Social Media Digest: Verified Twitterati, Swedish Colbert and Nike vs. ASA
1. Twitter has made some improvements to its ‘blue tick’ verified accounts, and now lets you read tweets in a verified user’s feed without seeing @replies. This tweak lets you scroll through tweets without @replies and conversations clogging up the feed, so that you only see news and updates that you want to see. Twitter has given Pepsi and NASCAR as examples of accounts that have already received the updated profile format, and it was announced that this will now be the default view for all verified accounts. Fortunately for the nosy among us, users will still have the option to view an account’s @replies by toggling an option above the timeline. Could this be an option coming to personal accounts soon, too?
2. Facebook has revealed its strategy for dealing with any inappropriate content posted on the social network. A network of teams, based at Facebook’s Menlo Park headquarters as well as Austin, Dublin and Hyderabad, monitor user reports of inappropriate posts 24 hours a day, seven days a week – a monstrous job when you consider Facebook’s community of more than 900 million users! A Safety Team, an Abusive Content Team, a Hate and Harassment Team and an Access Team work together to manage any inappropriate posts or activities. If a post is found to be in violation of Facebook’s policies, Statement of Rights and Responsibilities or Community Standards then the publisher will be warned and the content removed. The teams also have the power to block users or ban them from using certain features, and will report any illegal activities (such as stolen goods or incriminating photos) to law enforcement “when we have a good faith belief it is necessary to prevent fraud or other illegal activity, to prevent imminent bodily harm or to protect ourselves and you from people violating our Statement of Rights and Responsibilities”.
3. As part of its campaign letting its citizens control the country’s official Twitter account, and following its recent controversy, Sweden is seriously considering letting American comedian and writer Stephen Colbert have a go at owning the Twitter feed for a week. Following his recent pleas and attempts to gain access to the account, Sweden’s local English-language newspaper The Local has reported that the Swedish Institute and Visit Sweden are discussing the prospect of Colbert becoming a curator of the Sweden Twitter account and will issue a verdict next week. Visit Sweden’s Head of PR and Social Media, Johannes Karlsson, said: “Of course, we’re very flattered that Colbert is interested, though we are concerned that he may not be able to give an authentic view of the country”. Sweden’s idea to let a different individual take control of its official account every week has already won the Grand Prix award at the Cannes Lions International Festival of Creativity, and no doubt Colbert would add a dash of comedy to the innovative feed. We hope he gets his wish to become an honorary Swedish curator!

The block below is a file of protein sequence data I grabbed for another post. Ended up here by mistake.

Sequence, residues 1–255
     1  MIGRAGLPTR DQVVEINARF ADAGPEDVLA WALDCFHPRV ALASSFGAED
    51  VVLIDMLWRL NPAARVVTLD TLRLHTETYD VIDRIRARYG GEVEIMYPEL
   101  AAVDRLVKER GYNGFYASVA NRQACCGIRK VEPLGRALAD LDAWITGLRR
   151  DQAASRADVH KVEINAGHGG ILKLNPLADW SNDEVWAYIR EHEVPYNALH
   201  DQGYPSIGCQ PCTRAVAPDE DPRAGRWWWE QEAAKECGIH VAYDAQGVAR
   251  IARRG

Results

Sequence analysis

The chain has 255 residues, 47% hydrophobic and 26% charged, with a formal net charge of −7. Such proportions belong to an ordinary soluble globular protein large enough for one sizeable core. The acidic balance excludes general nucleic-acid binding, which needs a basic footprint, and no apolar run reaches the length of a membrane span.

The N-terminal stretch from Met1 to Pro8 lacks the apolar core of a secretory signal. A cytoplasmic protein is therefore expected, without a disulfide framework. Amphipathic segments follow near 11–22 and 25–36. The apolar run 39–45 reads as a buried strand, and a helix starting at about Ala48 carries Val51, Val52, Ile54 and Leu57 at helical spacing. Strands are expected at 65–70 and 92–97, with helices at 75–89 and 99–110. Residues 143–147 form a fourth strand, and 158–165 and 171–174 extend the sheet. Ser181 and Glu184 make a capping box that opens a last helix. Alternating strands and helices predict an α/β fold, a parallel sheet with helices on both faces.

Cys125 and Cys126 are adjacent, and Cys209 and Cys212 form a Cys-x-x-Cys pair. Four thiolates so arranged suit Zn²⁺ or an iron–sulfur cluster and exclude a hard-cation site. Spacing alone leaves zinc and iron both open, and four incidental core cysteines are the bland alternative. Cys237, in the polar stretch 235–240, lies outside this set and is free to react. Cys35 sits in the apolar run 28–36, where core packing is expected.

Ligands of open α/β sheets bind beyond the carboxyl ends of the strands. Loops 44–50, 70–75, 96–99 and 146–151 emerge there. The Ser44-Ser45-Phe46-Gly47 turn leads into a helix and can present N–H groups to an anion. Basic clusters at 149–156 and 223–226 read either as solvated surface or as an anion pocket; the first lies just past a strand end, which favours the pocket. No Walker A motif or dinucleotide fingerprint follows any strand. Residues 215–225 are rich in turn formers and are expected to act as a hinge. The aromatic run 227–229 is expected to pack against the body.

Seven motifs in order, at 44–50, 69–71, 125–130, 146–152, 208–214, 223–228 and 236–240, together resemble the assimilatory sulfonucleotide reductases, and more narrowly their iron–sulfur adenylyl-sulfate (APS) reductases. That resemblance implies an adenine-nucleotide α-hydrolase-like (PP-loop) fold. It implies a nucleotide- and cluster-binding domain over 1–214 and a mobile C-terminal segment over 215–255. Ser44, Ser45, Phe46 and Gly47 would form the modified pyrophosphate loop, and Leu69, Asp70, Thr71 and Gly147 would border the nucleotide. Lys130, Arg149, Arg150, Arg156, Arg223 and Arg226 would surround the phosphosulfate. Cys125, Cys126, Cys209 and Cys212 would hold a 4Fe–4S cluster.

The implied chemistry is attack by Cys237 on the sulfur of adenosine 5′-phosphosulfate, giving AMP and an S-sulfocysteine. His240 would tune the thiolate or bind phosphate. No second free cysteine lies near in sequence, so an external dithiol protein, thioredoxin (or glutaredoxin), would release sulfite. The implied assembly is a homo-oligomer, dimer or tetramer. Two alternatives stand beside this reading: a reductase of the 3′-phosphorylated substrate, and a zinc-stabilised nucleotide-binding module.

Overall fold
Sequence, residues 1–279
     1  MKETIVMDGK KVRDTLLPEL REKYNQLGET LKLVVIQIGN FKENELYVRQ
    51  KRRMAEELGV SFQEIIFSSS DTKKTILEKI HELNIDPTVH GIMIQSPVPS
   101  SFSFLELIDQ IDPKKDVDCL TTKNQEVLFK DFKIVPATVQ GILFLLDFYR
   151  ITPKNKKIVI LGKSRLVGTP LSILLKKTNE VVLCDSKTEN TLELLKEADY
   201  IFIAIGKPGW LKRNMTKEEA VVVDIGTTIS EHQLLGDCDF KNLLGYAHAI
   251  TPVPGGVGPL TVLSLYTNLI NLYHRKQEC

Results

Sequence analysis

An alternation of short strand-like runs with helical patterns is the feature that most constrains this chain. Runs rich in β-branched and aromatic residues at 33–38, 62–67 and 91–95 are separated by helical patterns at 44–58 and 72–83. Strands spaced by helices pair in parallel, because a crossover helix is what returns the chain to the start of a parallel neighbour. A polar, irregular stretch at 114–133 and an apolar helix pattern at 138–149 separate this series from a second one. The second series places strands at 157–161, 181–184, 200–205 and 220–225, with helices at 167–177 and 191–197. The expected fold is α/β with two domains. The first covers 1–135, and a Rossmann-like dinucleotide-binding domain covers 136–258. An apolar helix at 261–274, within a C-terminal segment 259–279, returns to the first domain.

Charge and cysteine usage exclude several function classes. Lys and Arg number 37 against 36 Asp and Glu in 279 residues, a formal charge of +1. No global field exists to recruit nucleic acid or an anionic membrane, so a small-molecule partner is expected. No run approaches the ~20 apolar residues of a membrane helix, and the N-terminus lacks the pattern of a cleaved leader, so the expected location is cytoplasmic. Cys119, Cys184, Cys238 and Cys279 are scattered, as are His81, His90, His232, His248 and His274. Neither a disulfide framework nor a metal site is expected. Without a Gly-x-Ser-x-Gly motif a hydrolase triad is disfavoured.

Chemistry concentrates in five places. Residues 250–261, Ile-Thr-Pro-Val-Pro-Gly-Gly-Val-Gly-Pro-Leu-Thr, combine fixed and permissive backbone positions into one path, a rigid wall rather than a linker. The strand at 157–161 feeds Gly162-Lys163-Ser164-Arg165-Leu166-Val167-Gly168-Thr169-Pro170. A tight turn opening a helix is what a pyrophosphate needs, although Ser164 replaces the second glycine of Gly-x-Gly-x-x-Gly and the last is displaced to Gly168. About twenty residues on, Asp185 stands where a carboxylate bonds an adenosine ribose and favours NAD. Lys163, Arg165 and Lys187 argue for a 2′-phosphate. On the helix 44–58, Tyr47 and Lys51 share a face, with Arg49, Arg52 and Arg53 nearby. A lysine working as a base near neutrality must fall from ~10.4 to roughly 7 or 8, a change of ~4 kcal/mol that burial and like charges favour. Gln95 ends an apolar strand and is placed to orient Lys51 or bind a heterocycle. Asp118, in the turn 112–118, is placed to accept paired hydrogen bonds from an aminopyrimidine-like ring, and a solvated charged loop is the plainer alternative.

4. Popular social news site Reddit was built on a lie, according to cofounder Steve Huffman. Huffman has revealed that in Reddit’s earliest days, he and fellow cofounder Alexis Ohanian used hundreds of fake user accounts to populate the site. Using the fake accounts, the cofounders submitted the type of high-quality content that they wanted to read – and see being read – themselves, setting the tone for the site at the same time as making it look busy and populated. Clever idea, or living a lie? Either way, there’s no need for fake accounts now – Reddit now boasts more than 35 million unique users and counting.
5. The Advertising Standards Authority (ASA) have ruled that footballer Wayne Rooney must delete his paid-for endorsement of Nike as he didn’t blatantly declare that he – or the tweet – was sponsored by the brand. Rooney and fellow England footballer Jack Wilshere are the first to receive a deletion order from the ASA since the authority was granted additional social media powers last year. Both footballers tweeted messages containing links to Nike’s website and the #makeitcount hashtag and while Nike claims that both footballers are well-known for being sponsored by Nike, the ASA disagreed saying that: “We considered there was nothing obvious in the tweets to indicate they were Nike marketing communications”, and recommending that future sponsored tweets carry an overt identifier such as #ad. Following on from Snickers’ recent social media blunder, time will tell if this is the beginning of the end of celebrity endorsement messages via social networks.